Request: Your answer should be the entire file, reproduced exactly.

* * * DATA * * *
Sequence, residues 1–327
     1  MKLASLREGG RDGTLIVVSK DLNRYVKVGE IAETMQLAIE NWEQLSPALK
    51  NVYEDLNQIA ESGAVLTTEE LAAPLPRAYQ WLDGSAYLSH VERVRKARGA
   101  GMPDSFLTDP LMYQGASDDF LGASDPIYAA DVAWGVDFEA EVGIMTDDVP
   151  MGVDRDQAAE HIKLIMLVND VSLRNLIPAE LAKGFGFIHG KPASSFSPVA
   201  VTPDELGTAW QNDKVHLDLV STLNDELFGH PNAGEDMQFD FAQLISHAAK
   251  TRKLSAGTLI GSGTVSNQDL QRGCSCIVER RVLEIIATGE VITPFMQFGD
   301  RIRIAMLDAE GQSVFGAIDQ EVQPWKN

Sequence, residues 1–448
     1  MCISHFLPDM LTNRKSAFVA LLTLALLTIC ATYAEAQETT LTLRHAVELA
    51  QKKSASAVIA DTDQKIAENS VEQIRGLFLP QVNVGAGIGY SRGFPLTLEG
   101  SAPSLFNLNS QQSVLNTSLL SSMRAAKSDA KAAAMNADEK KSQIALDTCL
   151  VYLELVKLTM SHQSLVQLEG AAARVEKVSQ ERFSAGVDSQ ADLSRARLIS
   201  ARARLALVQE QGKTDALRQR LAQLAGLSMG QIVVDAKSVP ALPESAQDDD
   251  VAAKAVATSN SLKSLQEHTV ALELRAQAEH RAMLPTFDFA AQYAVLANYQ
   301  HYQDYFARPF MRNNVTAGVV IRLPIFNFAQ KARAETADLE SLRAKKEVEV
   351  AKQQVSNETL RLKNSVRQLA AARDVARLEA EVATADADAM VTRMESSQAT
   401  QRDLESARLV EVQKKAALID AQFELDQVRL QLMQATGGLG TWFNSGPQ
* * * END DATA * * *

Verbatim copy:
Sequence, residues 1–327
     1  MKLASLREGG RDGTLIVVSK DLNRYVKVGE IAETMQLAIE NWEQLSPALK
    51  NVYEDLNQIA ESGAVLTTEE LAAPLPRAYQ WLDGSAYLSH VERVRKARGA
   101  GMPDSFLTDP LMYQGASDDF LGASDPIYAA DVAWGVDFEA EVGIMTDDVP
   151  MGVDRDQAAE HIKLIMLVND VSLRNLIPAE LAKGFGFIHG KPASSFSPVA
   201  VTPDELGTAW QNDKVHLDLV STLNDELFGH PNAGEDMQFD FAQLISHAAK
   251  TRKLSAGTLI GSGTVSNQDL QRGCSCIVER RVLEIIATGE VITPFMQFGD
   301  RIRIAMLDAE GQSVFGAIDQ EVQPWKN

Sequence, residues 1–448
     1  MCISHFLPDM LTNRKSAFVA LLTLALLTIC ATYAEAQETT LTLRHAVELA
    51  QKKSASAVIA DTDQKIAENS VEQIRGLFLP QVNVGAGIGY SRGFPLTLEG
   101  SAPSLFNLNS QQSVLNTSLL SSMRAAKSDA KAAAMNADEK KSQIALDTCL
   151  VYLELVKLTM SHQSLVQLEG AAARVEKVSQ ERFSAGVDSQ ADLSRARLIS
   201  ARARLALVQE QGKTDALRQR LAQLAGLSMG QIVVDAKSVP ALPESAQDDD
   251  VAAKAVATSN SLKSLQEHTV ALELRAQAEH RAMLPTFDFA AQYAVLANYQ
   301  HYQDYFARPF MRNNVTAGVV IRLPIFNFAQ KARAETADLE SLRAKKEVEV
   351  AKQQVSNETL RLKNSVRQLA AARDVARLEA EVATADADAM VTRMESSQAT
   401  QRDLESARLV EVQKKAALID AQFELDQVRL QLMQATGGLG TWFNSGPQ